On Poetry: Vermont Verse Starts With Frost

For the Valley News
Friday, September 09, 2016

Sydney Lea, my predecessor as poet laureate of Vermont, and I have been working on an anthology of Vermont poets that Green Writers Press will publish in the fall of 2017.

After spending seven months gathering poems from around the state by poets who have published at least one book of poetry by a reputable publisher, we have collected poems from more than 75 poets. We hope this anthology will become popular among both students of all ages and the reading public.

In my role as poet laureate, I, like most of the other state poets, wish to assume an ambassadorial role for poetry. The Vermont Council on the Arts wisely leaves the job description open for its poet laureates, allowing its selections to be as creative in their endeavors as they are in their poetry. During the four years of my tenure in this position, I intend to support and disseminate as much memorable poetry as I can — poetry by poets of all ages and walks of life.

Where to begin? Why not with a poem by Vermont’s first poet laureate, Robert Frost, who served as the state poet from 1961 until his death in 1963. Although a proud Vermonter for much of his career (he also enjoyed living in and writing about New Hampshire), Frost was famous for saying that the liked to keep one foot in Vermont and the other in the nation. While there are too many great poems in his oeuvre to choose just one as representative or uniquely strong, I will resort to choosing a timely seasonal poem, the Petrarchan sonnet entitled Mowing from Frost’s first book A Boy’s Will, published in 1913.


There was never a sound beside the wood but one,

And that was my long scythe whispering to the ground.

What was it it whispered? I knew not well myself;

Perhaps it was something about the heat of the sun,

Something, perhaps, about the lack of sound—

And that was why it whispered and did not speak.

It was no dream of the gift of idle hours,

Or easy gold at the hand of fay or elf:

Anything more than the truth would have seemed too weak

To the earnest love that laid the swale in rows,

Not without feeble-pointed spikes of flowers

(Pale orchises), and scared a bright green snake.

The fact is the sweetest dream that labor knows.

My long scythe whispered and left the hay to make.

Frost establishes the unique sound his scythe makes in the field beside the woods as his first order of business in this poem. This sound is organic and mysterious — a whisper rather than just steel on grass. The scythe is speaking to the speaker of the poem in the breathy voice one uses to tell secrets. The speaker wonders just what this runic sense is his scythe is imparting to “the ground.” He confesses that he himself is ignorant of its secret.

He then spends the remainder of the poem searching for the correct translation of the scythe’s whisper into human language, and in so doing ultimately discovers something he didn’t know he knew. He proceeds with supposition and speculation: “Perhaps it was something about the heat of the sun./Something perhaps about the lack of sound—/ And that was why it whispered and did not speak.”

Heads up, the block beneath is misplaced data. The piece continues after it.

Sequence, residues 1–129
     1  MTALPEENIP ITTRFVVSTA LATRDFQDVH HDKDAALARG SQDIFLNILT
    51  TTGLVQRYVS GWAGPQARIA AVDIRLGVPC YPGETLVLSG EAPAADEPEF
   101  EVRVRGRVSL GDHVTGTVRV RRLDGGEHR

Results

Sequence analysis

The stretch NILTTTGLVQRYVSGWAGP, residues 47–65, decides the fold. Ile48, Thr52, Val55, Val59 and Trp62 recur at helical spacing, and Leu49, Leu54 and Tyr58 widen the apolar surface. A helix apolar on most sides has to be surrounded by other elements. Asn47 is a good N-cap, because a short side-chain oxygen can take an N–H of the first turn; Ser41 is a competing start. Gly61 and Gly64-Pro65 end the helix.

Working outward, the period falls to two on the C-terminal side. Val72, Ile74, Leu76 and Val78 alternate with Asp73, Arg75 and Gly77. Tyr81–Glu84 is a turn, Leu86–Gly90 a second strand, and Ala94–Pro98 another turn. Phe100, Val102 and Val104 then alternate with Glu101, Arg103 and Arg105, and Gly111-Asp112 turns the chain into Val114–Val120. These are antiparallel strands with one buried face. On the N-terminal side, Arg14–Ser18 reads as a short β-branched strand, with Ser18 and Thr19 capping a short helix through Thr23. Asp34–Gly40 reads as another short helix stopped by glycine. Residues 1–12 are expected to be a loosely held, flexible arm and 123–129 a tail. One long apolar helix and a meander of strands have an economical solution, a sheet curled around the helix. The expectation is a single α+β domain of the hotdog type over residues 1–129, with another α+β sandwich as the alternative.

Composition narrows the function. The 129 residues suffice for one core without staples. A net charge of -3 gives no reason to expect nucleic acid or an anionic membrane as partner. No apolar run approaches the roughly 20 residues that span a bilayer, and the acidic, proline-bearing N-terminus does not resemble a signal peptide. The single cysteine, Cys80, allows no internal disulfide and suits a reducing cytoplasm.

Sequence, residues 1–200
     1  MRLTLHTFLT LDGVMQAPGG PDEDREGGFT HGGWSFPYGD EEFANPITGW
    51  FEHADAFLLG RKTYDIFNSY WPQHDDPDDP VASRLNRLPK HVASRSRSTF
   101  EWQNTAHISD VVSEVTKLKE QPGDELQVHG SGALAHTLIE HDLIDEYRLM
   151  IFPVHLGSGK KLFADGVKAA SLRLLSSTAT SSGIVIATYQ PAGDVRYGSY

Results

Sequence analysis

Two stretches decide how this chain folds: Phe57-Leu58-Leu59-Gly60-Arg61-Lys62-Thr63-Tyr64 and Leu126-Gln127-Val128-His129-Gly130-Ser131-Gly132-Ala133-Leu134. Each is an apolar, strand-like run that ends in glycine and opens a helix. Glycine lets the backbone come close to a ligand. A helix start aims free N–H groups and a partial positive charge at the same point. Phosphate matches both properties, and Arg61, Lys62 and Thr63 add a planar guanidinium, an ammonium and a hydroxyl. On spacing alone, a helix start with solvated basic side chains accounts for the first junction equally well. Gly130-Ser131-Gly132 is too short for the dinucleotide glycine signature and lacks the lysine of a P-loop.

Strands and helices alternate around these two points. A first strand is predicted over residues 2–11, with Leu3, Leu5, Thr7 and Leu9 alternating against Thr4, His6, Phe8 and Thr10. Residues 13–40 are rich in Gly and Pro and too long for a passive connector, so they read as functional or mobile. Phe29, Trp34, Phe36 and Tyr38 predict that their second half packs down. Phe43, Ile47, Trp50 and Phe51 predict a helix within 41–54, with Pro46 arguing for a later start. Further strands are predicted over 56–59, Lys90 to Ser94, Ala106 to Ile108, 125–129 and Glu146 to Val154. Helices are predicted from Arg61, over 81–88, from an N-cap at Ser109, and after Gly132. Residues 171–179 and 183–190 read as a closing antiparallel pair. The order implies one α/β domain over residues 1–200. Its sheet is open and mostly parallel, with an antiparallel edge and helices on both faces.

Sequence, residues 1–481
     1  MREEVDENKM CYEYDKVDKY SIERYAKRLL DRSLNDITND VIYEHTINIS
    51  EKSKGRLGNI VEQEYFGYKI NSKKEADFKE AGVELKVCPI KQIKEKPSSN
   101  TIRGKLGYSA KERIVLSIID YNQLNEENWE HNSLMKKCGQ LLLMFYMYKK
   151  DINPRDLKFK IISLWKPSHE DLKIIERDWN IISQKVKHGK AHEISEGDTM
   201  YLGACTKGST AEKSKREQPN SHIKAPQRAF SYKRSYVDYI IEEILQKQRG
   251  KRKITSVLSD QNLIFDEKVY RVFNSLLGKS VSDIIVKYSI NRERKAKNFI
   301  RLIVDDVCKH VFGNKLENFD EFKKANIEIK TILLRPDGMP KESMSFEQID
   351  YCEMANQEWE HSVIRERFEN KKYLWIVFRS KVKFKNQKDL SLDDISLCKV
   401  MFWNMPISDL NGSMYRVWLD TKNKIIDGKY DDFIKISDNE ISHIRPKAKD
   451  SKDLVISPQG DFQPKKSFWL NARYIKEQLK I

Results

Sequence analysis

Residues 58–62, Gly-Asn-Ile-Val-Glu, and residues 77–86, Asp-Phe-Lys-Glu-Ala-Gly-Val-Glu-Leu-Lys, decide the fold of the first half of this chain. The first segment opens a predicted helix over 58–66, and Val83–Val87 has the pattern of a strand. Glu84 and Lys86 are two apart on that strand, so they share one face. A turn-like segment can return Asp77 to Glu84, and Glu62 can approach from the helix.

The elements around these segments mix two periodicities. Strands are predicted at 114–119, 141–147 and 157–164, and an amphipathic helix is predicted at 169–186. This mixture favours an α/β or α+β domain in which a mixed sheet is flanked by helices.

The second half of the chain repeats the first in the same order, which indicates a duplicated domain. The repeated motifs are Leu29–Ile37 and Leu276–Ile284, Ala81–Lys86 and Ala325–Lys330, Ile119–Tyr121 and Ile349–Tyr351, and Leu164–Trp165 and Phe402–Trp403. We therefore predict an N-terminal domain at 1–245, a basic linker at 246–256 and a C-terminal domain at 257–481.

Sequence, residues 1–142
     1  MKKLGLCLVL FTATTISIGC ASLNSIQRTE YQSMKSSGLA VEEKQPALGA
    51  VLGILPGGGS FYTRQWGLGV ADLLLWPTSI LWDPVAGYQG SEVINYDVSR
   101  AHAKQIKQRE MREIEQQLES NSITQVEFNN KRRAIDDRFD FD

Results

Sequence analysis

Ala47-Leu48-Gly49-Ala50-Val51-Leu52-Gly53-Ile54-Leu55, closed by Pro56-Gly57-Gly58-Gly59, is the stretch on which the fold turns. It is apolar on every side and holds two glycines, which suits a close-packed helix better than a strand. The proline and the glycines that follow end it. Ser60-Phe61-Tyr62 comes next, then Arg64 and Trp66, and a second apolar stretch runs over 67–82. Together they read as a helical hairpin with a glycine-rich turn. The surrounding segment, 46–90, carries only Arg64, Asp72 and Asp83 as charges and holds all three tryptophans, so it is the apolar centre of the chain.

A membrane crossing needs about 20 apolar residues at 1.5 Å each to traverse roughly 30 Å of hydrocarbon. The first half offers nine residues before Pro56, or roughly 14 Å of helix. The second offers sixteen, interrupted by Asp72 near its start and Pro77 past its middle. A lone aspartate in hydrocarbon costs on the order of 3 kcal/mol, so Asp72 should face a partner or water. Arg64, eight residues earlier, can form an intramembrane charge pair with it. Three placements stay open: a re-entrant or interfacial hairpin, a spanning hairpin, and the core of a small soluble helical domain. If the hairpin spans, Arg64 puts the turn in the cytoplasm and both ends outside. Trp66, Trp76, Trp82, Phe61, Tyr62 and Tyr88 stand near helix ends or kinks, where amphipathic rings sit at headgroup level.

Frost’s metaphysical investigation into the scythe’s whisper “to the ground” observes ironically that the scythe’s voice is as full of silence as it is with sound, which is why it whispers. Frost’s implication here is that the marriage between sound and silence in the scythe’s “whispering” requires close listening, close reading. Frost builds poetic suspense as he continues to think about this sound as the source of a pastoral secret that only the receptive “farmer” is privileged to hear and understand.

The theme of sound as essential introduction to meaning runs throughout his work. Indeed, he viewed sound as the music that precedes and carries meaning as the conveyor of sense itself.

Turning next to ruling out possibilities for the scythe’s sound, Frost eliminates a few facile options for the whisper: It is neither “the dream of the gift of idle hours,” as any farmer might tell the city dweller nor “anything more than the truth” since that would seem “too weak to the earnest love” of the laborer in the field. How fascinating that Frost writes “anything more” instead of “anything less” here, as if to say that embellishing the truth, especially with regard to labor, mitigates the truth more egregiously than telling less than the truth.

Now, within the intense, economical space of only 12 lines, Frost arrives at the answer to the mystery of the scythe’s whisper in the poem’s penultimate line. By again combining two opposites, dream and fact, just as he had done earlier with sound and silence, Frost delivers the earthly news: “The fact is the sweetest dream that labor knows.” While contradictory on the surface, this line captures the ecstatic yet empirical nature of work, exemplifying what F. Scott Fitzgerald — perhaps America’s most poetic prose writer — called “the test of a first-rate intelligence … the ability to hold two opposing ideas in mind at the same time and still retain the ability to function.”

“Fact is dream to the laborer in the uncut field,” the scythe whispers as the farmer swings his scythe, just as Frost “swings” his lines so memorably on the page — his “ground” — back and forth between literal and figurative sense.

Now that farmers mow mainly on tractors, one wonders what profound news Frost would hear in the sickle bar or bush hog. I wonder what we’ve lost by removing the hand from the scythe. Frost addresses the question of our human alienation from nature in the modern world in another sonnet called The Oven Bird, but I will leave that for another time.

Chard deNiord is Vermont’s poet laureate. He lives in Westminster West.